On Monday, October 29, Apple Inc. (AAPL) announced that Tim Cook, Apple's CEO, had ousted two of its most senior executives, including Scott Forstall, the head of the Apple's mobile software products group. The other executive that was pushed out of his perch was John Browett, the former CEO of Dixon's, a British electronics retailer, who was hired as the company's retail chief a mere seven months ago.
Rather than focus on the removal of these two executives, and the problems that Apple and its leadership may have had with them, Apple's release instead spun the news as an effort to increase collaboration across hardware, software and services. This appears at least partially disingenuous, especially in light of the fact that Mr. Browett's removal seems to have nothing to do with any collaborative changes being implemented. As a result, it appears these changes are in response to Apple's recent and lately out of character problems meeting consumer and investor expectations.
Mr. Forstall came to Apple in 1997 when Steve Jobs returned to the company and Next was acquired. Forestall is widely considered one of the engineers that designed the Mac OS X operating system, and was later named Senior Vice President of iPhone Software. Many may have seen him speak in some of the promotional videos for various iPhone models, introduce iOS 5 and/or demonstrate Siri when the iPhone 4S was launched.
While the precise basis for Forstall's ouster was not stated, it is believed that his recent refusal to apologize or take responsibility for the failures of Apple's recently launched Maps app that was designed to replace Google (GOOG) Maps, upon which prior incarnations of iOS were dependent. It is also believed that Forstall and other top Apple executives may not have seen eye to eye on other matters.
While Tim Cook has apologized for the buggy and seeming unfinished nature of Apple's Maps app, egos behind the curtain may have clashed and disagreed with exactly how problematic the mapping was. It is also quite possible that the apology letter that the apology letter Tim Cook posted was initially prepared for Mr. Forstall to sign, but that he refused. It is also entirely possible that Mr. Forstall is being made into a scapegoat for a problem that is not entirely his fault.
John Browett's history at Apple is far shorter, and may simply indicate that Tim Cook and others concluded he was the wrong person for the job. Mr. Browett was hired after Ronald Johnson chose to leave Apple and run J.C. Penny (JCP). It is possible that the retail division recognized some problems during the last few months on Mr. Browett's watch, or that he proposed some changes that were in conflict with beliefs of the powers that be.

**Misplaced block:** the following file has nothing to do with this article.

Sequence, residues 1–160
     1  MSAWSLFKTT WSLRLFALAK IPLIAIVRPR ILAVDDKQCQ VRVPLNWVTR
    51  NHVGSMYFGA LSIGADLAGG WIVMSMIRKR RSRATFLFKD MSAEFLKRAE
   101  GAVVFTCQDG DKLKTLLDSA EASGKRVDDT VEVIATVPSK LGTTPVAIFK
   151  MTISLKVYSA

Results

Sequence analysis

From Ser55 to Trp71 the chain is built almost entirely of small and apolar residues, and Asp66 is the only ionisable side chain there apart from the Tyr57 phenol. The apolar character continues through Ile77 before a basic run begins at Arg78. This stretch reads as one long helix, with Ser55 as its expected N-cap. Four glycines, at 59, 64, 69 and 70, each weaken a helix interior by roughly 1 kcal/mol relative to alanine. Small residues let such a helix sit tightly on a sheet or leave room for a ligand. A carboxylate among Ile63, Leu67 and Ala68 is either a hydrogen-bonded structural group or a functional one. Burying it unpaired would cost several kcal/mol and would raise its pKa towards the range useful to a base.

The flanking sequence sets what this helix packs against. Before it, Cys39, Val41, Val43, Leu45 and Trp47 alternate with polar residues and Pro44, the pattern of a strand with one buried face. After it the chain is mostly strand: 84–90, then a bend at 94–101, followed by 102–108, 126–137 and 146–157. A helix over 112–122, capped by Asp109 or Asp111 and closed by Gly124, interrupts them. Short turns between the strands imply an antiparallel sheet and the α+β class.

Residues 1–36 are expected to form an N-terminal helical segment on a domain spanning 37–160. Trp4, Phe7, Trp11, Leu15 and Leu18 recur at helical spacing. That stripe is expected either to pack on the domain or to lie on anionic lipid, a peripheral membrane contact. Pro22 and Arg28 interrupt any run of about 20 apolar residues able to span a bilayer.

It is believed that Browett made some store employees disgruntled by cutting their hours, and that he did not sufficiently address Apple's retail expansion in China. Apple has become increasingly dependent upon China for growth, and may have decided that the stores required a leader that was more capable of focusing on the Chinese market. Tim Cook will directly oversee Apple's retail stores until a new retail division head is found, at which point that selection's strengths may help delineate whatever weaknesses caused Browett's ouster.
Though Apple has continued to sell impressive numbers of iPhones, iPads, iMacs, MacBooks and its other popular devices, recent hiccups, including the Maps app debacle and a quarterly earnings disappointment, have made many question whether management is up to the long-term challenges the company will undoubtedly confront as the smartphone, tablet and cloud computing markets.
In particular, Google and Amazon (AMZN) and Samsung (OTC:SSNLF) have all had success in offering consumers small tablets running versions of Google's Android OS. Samsung has also garnered a significant share of the smartphone market with its Android-based OS, as have many other Android smartphone makers, including Google itself. Apple initially obtained a substantial lead in the race to mobile computing superiority, but continues to find Google and its many manufacturers nipping at its heels.
Recent versions of Android-based smartphones and tablets have filled much of the former gap between them and prior iPhone and iPad models, putting pressure on Apple to innovate yet another advancement. Now, Microsoft (MSFT) is reentering the mobile device market with a new version of Windows that could also become competitive and grab market share from both iOS and Android.
In some ways, the ouster of these Apple executives could also be seen as a consolidation, placing more authority in fewer hands and particularly within Tim Cook and Jonathan Ive, Apple's Senior Vice President of Industrial Design, among some other Apple higher-ups referenced in Apples announcement (Eddy Cue, Craig Federighi and Bob Mansfield). Ive will now responsible for the design of all Apple products, including its software.
These significant cracks in the upper ranks of Apple executives appear to indicate that the problems at Apple are more than just a few bugs in a new operating system, and could be a sign that the Apple empire is starting to crumble. Shares of Apple, the world's largest publicly traded company by market value, have declined by about 15 percent over the past month, since reaching an all-time high in September. This recent downturn indicates that market sentiment is also questioning the staying power of Apple's dominant position. Investors should be wary of the next shoe to drop.